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Thursday, 4 October 2012

Twenty-20 Cricket – A Threat to the Traditional Game?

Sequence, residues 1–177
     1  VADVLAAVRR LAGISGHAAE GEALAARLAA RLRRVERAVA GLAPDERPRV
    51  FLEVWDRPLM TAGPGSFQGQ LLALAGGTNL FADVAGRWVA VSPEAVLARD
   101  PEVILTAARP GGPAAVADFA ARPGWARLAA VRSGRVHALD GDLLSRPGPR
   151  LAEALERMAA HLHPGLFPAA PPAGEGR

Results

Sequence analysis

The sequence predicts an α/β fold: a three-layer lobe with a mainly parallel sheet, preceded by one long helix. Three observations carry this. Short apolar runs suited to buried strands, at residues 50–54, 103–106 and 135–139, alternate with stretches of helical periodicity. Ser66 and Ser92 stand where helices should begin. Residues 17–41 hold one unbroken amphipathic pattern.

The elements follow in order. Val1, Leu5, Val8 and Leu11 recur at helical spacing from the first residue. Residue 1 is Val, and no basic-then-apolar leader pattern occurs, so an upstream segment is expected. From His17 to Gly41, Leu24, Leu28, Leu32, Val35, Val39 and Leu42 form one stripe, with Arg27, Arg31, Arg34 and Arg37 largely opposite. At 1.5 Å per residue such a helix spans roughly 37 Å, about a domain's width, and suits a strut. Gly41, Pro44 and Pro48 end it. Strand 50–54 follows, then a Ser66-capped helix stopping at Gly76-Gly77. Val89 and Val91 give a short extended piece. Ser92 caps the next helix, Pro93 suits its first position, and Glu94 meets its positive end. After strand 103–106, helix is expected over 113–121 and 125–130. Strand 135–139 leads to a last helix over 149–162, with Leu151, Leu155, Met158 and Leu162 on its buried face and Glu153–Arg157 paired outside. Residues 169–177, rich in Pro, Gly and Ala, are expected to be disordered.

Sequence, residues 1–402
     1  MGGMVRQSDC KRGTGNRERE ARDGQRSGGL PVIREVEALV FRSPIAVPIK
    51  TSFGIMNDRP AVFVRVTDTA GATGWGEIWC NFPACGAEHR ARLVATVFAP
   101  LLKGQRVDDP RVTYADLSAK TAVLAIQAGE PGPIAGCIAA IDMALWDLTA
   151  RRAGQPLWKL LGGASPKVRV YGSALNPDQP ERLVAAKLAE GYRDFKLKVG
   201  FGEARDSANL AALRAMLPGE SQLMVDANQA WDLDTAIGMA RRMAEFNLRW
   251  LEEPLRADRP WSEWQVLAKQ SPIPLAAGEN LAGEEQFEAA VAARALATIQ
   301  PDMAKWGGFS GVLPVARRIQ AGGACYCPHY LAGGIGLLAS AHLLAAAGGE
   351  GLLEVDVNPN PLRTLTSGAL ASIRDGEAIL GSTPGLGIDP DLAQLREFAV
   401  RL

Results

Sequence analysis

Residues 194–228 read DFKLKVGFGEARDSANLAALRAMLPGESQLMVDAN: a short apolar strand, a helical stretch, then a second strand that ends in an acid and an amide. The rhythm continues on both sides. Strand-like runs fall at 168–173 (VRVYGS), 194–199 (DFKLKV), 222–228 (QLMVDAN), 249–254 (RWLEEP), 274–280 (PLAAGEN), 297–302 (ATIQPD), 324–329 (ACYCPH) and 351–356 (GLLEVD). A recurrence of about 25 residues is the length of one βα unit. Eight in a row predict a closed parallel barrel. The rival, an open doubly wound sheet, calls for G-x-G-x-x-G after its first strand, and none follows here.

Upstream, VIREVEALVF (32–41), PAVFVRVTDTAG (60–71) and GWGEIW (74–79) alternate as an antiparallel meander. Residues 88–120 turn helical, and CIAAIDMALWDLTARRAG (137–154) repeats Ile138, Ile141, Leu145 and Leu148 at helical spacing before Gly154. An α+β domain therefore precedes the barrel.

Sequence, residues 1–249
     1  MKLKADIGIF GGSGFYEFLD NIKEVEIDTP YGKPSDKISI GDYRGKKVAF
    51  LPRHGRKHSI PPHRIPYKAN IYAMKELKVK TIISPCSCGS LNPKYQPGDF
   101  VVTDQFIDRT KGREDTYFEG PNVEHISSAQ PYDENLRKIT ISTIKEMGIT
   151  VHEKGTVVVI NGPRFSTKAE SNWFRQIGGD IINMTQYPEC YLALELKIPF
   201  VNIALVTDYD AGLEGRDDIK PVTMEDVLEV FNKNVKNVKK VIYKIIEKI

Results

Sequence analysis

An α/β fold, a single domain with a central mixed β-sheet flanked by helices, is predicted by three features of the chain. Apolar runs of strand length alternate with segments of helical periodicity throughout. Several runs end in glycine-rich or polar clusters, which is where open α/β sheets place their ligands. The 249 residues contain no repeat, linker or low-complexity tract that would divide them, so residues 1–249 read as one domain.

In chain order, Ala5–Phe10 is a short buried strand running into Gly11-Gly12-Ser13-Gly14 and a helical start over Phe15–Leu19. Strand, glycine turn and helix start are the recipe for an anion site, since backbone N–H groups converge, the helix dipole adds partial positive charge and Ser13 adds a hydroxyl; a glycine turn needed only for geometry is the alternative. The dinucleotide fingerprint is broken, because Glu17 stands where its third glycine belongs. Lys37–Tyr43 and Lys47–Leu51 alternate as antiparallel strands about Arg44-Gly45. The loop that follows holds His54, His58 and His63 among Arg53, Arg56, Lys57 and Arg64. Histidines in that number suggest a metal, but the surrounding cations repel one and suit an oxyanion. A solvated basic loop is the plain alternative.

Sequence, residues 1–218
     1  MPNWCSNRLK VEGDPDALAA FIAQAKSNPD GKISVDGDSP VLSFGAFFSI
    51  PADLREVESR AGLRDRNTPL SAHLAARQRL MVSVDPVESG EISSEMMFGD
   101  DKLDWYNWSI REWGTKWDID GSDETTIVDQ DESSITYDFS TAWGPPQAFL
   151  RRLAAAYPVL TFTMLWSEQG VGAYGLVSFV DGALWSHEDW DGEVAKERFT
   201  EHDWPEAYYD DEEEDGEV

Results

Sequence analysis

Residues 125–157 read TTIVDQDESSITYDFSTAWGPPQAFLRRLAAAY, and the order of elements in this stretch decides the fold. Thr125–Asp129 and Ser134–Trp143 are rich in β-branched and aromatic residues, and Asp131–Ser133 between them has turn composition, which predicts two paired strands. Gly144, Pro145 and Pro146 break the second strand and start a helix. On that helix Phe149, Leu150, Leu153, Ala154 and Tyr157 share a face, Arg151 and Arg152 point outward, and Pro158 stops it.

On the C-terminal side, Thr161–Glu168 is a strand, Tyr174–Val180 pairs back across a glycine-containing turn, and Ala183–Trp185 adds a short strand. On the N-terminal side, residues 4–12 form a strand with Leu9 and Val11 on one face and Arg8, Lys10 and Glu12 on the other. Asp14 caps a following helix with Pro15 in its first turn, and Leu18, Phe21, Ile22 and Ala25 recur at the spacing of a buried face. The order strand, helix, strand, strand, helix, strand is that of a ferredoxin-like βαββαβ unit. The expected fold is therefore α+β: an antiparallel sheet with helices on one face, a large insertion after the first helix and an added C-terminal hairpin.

This weekend’s ICC Twenty20 World Cup in Sri Lanka will include fireworks, music and rowdy crowds - a far cry from the quietly traditional game that is as English as tea and scones. Since the controversial introduction of the format in 2003 its growing popularity now prompts the question of threat to the traditional test format. T20 was the ECB’s response to poor match attendance - and its economic implications - but was originally intended only for professional inter-county competition, promoted under the slogan ‘I don’t like cricket, I love it’. When the first match was held at Lord's in front of a 27,509-strong crowd, both cricket PR and the game took a quantum leap forward. This was the largest attendance for any county cricket game since a one-day final in 1953. Australia and Pakistan soon adopted the format and similarly enjoyed record crowds. The first international T20 match was between Australia and New Zealand in 2005 and as the players ran out onto the pitch wearing retro sportswear and moustaches, it was clear that this was very different from the traditional game. The increase in match attendance, viewing figures and income that Twenty20 has generated has been way beyond the ambitions of the founder – but most impressively the format has attracted a wealth of young players to the sport. In 2011 an ECB report revealed club membership increased by 4% from 2009 and there were now 7% more cricket coaches. Additionally, Canada, the Netherlands and Afghanistan, nations less well-known for their cricket credentials, have taken to the game whilst the demographics of the average fan have changed dramatically. For example, BMRB’s TGI Sport+ survey in 2008 revealed that T20 viewers are less likely to be male, more likely to be in the younger age groups (20% are under 30 compared to 16% of cricket fans) and less concentrated in high social grades (28% are in the AB grades, compared to 35% of cricket fans). Money is an important contributor to the T20 debate; many feel the inherent commercialization of Twenty20 has damaged cricket’s core values. Those in the opposing camp argue that the income generated has revived the game. Rebecca Hopkins, Managing Director of ENS, which specializes in Sport Sponsorship PR, commented, ‘Sports that can introduce a short format successfully will attract new audiences, new players and new sponsors. Football and rugby have both done this very successfully; golf has tried with varied results however a workable short-game still eludes tennis. Traditionalists, especially in a sport as traditional as cricket, will baulk at any radical changes but hats off to the ECB’s vision and bravery – both of which have been repaid and done great things for their game.’

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